FAQ > How do I avoid a "dangling" newline when reading single character user input?


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FAQ > How do I... (Level 2) > How do I avoid a "dangling" newline when reading single character user input?

This item was added on: 2012/11/09

To get a single character from the user in C, many beginning programmers use either scanf() with the format specifier %c or getchar(). Both functions read a character from the standard input stream (the difference between them is that getchar() returns an int, whereas scanf() expects a pointer to char).

But both have the same pitfall: when the user enters a character s/he afterwards presses the enter key. Thus there are actually two characters in the input stream: the character entered and the newline character.
If you don't remove the newline character from the input stream, it could interfere with input functions later in the program. It seems that the input is ignored.
For example, look at the following program:


#include

int main(void)
{
char ch;

do
{
printf("Enter a letter (q to quit): ");
scanf("%c", &ch);
printf("You've entered >>%c<<\n", ch);
} while (ch != 'q');
printf("Character left in the input stream: >>%c<<\n", getchar());
return 0;
}

/* A sample session:
Enter a letter (q to quit): a
You've entered >>a<<
Enter a letter (q to quit): You've entered >>
<<
Enter a letter (q to quit): b
You've entered >>b<<
Enter a letter (q to quit): You've entered >>
<<
Enter a letter (q to quit): q
You've entered >>q<<
Character left in the input stream: >>
<<
*/

As you can see, every second scanf() call doesn't wait for new input but reads the newline character which is still left in the stream. Only then the stream is empty and the program has to wait for the user to get new input. Note also that after quitting the loop with "q", the newline character is still left behind and could affect a character reading function later in the program!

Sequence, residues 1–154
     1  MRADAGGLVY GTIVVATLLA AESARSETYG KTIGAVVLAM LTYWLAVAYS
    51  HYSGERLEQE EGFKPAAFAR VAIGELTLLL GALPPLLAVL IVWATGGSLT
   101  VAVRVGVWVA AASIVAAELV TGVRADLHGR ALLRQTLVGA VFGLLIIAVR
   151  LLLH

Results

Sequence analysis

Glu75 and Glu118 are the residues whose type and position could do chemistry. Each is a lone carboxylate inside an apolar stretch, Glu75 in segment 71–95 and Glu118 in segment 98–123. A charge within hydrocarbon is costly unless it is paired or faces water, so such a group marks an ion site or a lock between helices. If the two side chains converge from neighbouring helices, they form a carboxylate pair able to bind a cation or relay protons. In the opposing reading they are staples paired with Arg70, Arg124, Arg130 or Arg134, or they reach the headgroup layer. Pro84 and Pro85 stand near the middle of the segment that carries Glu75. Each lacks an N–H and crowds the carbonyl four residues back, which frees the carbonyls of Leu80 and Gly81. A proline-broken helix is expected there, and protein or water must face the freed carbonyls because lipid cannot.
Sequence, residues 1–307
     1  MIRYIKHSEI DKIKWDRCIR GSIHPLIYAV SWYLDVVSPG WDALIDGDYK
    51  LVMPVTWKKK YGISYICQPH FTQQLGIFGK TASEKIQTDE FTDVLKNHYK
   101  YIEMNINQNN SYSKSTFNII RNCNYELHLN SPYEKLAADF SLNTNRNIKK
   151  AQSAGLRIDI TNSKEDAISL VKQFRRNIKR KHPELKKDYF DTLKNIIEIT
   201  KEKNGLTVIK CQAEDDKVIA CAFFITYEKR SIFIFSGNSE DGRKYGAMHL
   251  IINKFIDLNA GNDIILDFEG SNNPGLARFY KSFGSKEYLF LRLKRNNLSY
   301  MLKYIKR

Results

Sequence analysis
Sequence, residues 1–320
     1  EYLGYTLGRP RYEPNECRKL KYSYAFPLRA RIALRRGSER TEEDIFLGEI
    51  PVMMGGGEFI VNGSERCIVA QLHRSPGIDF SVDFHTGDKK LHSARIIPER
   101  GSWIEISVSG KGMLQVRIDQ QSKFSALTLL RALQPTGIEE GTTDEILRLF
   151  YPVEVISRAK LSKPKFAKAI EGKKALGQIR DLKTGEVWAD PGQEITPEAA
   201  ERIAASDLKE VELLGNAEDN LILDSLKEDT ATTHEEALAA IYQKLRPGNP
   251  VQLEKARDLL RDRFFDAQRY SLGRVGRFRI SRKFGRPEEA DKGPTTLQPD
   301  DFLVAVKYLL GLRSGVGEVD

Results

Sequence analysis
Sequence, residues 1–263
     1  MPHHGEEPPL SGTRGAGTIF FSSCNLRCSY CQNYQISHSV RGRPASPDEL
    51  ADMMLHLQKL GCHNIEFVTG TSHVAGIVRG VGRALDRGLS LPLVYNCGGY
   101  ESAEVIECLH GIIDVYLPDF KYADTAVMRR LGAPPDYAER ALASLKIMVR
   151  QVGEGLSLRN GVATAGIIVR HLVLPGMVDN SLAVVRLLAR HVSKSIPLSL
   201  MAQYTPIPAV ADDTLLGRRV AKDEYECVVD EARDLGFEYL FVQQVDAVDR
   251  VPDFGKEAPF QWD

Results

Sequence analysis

There are several workarounds:
For a simple solution, you could add a space before the format specifier when you use scanf(), for example:

scanf(" %c", &ch);

The leading space tells scanf() to skip any whitespace characters (including newline) before reading the next character, resulting in the same behavior as with the other format specifiers.

You could also use getchar() after a scanf()/getchar() call to remove the newline character. Similarly you could use

scanf("%c%*c", &ch);

which will read two characters, storing the first in "ch" and throwing away the second. Both solutions only work if you are sure the next character to read will be '\n'.

All three workarounds mentioned above aren't very stable. Consider the case when the user enters more than one character (by accident or on purpose). They will all fail in that situation.

A better approach is flushing the input buffer after every scanf()/getchar() call, but don't use fflush(stdin)!

Or, depending on your requirements, you could also forget about scanf()/getchar(), use fgets() to get a line of text from the user and parse it yourself.

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